Research indicates that green spaces have a positive effect on our mental health, and this spreads over into smoking cessation. A study with over eight thousand subjects found that there was a recent studies found people who live close to green spaces are 20% less likely to smoke. After adjusting for a variety of factors, they concluded the green spaces were not linked with ‘ever-smoking’, therefore the lower prevalence of smokers is likely due to increased quitting rates.
Another way to proactively tackle cravings is to get some exercise! St George’s university, London, published findings indicating that Science Daily published a study that found moderate exercise can help reduce cravings. This means getting out for a short but brisk walk could help you attack cravings head on, and take your mind off smoking!
Practicing mindfulness is also a great way to deal with cravings and withdrawal symptoms – or just when you’re feeling stressed! Forms of meditation or specific mindfulness exercises can help manage these cravings; reducing stress, anxiety and depression that are common feelings during a quit attempt. Deep breathing exercises, like Wim Hof’s breathing method, are well worth a try – and if you have never tried deep breathing exercises, you will be amazed at the impact they can make.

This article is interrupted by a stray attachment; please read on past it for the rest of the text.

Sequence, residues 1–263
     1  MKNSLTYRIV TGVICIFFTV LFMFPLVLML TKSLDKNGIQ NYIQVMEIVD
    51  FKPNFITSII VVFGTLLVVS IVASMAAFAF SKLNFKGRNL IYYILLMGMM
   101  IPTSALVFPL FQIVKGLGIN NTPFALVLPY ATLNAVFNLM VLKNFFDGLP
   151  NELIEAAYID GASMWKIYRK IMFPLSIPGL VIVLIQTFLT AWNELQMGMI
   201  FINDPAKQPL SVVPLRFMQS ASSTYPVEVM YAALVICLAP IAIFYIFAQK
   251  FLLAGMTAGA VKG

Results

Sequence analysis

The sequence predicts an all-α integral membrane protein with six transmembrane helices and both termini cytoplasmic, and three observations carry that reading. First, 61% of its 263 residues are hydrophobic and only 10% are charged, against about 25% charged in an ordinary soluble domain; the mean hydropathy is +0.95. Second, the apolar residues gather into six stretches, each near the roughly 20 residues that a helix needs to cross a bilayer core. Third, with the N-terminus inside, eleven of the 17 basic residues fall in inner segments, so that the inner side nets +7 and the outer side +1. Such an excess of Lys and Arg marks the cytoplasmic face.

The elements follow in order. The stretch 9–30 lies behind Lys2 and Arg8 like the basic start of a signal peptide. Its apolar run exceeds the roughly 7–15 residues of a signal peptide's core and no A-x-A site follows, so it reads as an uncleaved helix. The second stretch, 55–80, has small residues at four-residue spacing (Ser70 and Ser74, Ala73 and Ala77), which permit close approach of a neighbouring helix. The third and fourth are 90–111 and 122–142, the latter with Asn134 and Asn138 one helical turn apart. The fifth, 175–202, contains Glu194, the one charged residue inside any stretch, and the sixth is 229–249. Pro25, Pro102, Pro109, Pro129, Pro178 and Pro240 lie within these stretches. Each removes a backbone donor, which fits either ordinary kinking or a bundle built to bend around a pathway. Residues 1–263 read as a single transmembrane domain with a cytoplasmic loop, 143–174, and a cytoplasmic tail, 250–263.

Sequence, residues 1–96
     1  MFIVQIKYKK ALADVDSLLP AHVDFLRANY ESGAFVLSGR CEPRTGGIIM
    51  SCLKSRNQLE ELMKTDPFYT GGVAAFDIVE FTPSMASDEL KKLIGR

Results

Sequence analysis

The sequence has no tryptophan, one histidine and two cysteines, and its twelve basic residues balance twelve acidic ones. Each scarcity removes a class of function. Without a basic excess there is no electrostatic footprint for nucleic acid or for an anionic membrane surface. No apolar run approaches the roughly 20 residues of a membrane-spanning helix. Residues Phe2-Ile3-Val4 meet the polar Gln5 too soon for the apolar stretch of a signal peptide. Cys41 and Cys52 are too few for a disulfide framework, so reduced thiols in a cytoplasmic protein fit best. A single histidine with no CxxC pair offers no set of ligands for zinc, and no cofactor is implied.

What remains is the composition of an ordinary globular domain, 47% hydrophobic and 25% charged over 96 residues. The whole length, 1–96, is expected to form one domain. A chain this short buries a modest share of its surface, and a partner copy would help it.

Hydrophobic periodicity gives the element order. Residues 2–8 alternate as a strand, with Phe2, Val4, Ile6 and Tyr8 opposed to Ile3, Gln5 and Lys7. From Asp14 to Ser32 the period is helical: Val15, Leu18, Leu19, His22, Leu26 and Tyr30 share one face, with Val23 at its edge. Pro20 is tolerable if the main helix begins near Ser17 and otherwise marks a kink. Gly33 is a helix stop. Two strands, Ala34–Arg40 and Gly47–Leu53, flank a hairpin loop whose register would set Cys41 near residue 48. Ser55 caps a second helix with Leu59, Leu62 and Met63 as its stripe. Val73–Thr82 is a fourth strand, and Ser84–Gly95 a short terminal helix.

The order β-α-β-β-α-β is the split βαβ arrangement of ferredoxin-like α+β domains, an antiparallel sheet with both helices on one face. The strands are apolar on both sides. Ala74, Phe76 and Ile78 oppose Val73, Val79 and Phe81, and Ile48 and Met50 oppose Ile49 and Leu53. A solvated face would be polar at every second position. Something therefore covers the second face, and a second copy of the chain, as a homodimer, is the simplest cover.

For ultimate efficiency, try combining exercise, green spaces and mindfulness together – a walk in a woodland area without headphones in, focusing on taking in the majesty of nature’s sounds, smells and sights has a relaxing effect that always leaves me feeling a little more at peace.
Including a few specific food items in your diet may positively contribute to a quit attempt – the University of Buffalo, New York, examined a cohort of 1000 subjects and found that the US study found that smokers who consumed the highest amounts of fruit and veg were more likely to have been tobacco free.
As smoking reduces the body’s ability to absorb vitamins and minerals, such as vitamin C and D, eating fruit and veg helps to increase the levels of these vitamins, which may help to reduce cravings, and taking supplements can help get you topped up!
Dealing with triggers